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Serious Injuries Guide - collaboration between solicitors for both sides to the argument - why it is important

If you have suffered a spinal cord injury – indeed any life changing injury – the chances are that if you have a claim for compensation, it will involve a substantial sum of money.

We have represented clients where their spinal cord injury was the result of clinical negligence who could be forgiven for thinking that the bureaucratic way their opponents defend the case might be summed up as ‘no compensation will be paid unless and until a Judge orders it some years hence’.

If you have the same injury – and therefore the same losses and need for compensation – but it was caused other than by clinical negligence there is a much better route to resolving the claim. It is essentially an agreement that sits alongside the usual litigation procedures and by which signatories experienced in representing Claimants and insurers representing Defendants agree to try to collaborate in the resolution of claims faster and more cost effectively than would otherwise usually be achieved.

The Guide To The Conduct Of Cases Involving Serious Injury (the ‘Serious Injury Guide’) is used by signatories to it in cases valued at £250,000 or more and with an element of continuing future loss. It does not however extend to clinical negligence claims.

The representative of the Claimant activates the Guide by making contact as soon as possible with the Defendant’s insurer. The aim is that the insurer reaches an early decision on liability by which the Claimant’s needs can be prioritised and interim payments on account of damages and costs can be made. The insurer usually appoints a similarly experienced solicitor to conduct matters and the solicitors work together to identify what remains in dispute and how best to address it.

The Civil Procedure Rules which guide how litigation should be conducted and brought before the Courts impose duties on parties that are broadly similar – and non-compliance can be sanctioned. But the Serious Injuries Guide is a voluntary code which seems to bring about a mutual and proactive co-operation that is often missing in litigation pursued merely per the Rules.

Brethertons were one of the early signatories and clients we have assisted have benefitted in a range of ways:

  • One client benefitted by our working with the Defendant solicitor to find the evidence they couldn’t but which the insurer had to hang a denial of liability on (the Defendant was adamant another party unseen by police or anyone else at the scene, had caused the collision he couldn’t then avoid). Working together we found several witnesses who completely refuted the Defendant’s version of events and by which liability was quickly then admitted and interim payments made which allowed the Claimant to adapt their property and recruit professional carers prior to discharge.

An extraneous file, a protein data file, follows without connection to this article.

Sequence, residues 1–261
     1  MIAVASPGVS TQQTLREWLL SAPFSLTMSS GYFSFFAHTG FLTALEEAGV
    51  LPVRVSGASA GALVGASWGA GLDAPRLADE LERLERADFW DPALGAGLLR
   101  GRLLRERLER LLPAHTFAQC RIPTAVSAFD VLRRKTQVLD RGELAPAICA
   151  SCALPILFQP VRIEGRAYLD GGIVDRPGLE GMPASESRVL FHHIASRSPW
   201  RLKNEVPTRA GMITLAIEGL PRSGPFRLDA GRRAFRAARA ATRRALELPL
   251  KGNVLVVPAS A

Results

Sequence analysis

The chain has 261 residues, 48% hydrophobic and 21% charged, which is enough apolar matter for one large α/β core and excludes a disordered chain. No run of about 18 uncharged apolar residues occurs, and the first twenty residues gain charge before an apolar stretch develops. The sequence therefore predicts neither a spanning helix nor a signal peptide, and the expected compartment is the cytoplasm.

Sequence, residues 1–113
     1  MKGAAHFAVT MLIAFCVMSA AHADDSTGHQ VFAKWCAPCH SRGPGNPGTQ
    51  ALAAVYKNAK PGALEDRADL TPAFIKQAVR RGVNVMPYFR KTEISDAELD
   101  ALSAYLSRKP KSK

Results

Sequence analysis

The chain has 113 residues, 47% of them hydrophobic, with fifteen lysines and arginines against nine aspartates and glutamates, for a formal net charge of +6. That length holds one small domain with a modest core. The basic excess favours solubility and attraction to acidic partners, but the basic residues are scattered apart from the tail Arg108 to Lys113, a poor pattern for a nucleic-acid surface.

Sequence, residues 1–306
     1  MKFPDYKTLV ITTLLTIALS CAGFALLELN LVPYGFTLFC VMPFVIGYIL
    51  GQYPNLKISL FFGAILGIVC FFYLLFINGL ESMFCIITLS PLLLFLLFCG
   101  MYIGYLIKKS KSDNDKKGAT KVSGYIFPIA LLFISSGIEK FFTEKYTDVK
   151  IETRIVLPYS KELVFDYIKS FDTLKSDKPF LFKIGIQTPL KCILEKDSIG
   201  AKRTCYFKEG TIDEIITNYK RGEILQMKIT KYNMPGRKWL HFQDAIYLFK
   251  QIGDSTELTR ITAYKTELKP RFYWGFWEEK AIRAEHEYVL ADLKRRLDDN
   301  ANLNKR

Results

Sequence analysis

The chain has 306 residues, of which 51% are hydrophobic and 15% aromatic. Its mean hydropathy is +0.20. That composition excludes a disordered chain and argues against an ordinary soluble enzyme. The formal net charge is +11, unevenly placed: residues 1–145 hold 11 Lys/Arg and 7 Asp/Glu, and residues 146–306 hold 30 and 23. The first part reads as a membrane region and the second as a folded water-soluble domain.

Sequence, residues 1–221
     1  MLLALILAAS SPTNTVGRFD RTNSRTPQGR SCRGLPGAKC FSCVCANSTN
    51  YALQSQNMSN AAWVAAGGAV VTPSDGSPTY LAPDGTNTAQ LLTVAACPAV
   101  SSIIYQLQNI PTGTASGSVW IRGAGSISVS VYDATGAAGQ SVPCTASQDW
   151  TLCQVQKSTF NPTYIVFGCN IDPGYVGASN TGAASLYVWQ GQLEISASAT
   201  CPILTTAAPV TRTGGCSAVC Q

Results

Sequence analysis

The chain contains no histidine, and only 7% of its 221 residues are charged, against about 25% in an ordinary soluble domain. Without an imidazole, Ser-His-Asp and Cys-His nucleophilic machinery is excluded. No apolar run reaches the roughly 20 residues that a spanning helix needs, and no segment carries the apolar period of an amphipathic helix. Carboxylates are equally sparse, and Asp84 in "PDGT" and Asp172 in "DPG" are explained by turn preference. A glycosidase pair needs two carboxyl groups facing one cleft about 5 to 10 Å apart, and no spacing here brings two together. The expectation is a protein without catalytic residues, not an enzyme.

• Another client was discharged from hospital to free up a bed but with totally inadequate care and support and having not been referred for further rehabilitation. Working with the Defendant insurer’s solicitor and within the Guide we were able to place the client into a specialist private rehabilitation hospital where their rehabilitation needs were met. Case management was funded and upon discharge his needs were met seamlessly and directed by the case manager funded by the Defendant’s insurers’ interim payments.
  • Another client benefitted to a similar extent as those outlined above, but their needs also focussed on a career change forced by the injury and needing further education, retraining, and recruitment so they could continue to support their young family but in a job their disability would not prohibit access to. Collaborative working with the Defendant’s insurer’s solicitor was instrumental in progressing things from the point the life changing injury was sustained to the point where a new and fulfilling career was established and financial security preserved for the client and their family.

The Serious Injuries Guide is hugely important. Life after spinal cord or any other life changing injury is difficult enough without then having to fight inch by inch to secure the compensation that whoever caused the injury is ultimately required to pay.

The earliest admission of liability; the mutual understanding and respect between representatives involved for just how difficult the Claimant’s predicament is while seeing the Defendant’s insurer’s right to take issue with points and protect the Defendant’s legitimate position; and then the proactive collaboration that can be achieved between experienced specialists working together to resolve issues in dispute is a much more positive and sensible way of dispute resolution than litigation alone often struggles to achieve.

The Claimant benefits (they get the right compensation sooner, and the stability and security that interim payments can bring), but so does the insurer (in cases their insured is liable in they reach the inevitable outcome sooner and more cost effectively).

If you are newly injured, inevitably worried about the future: about income and outgoings, about needing to adapt a property or live somewhere else, getting an early admission of liability, a signal that the Opponent’s representative is prepared to deal with your case appropriately and sensitively can shine the brightest of lights in to the darkest of times.

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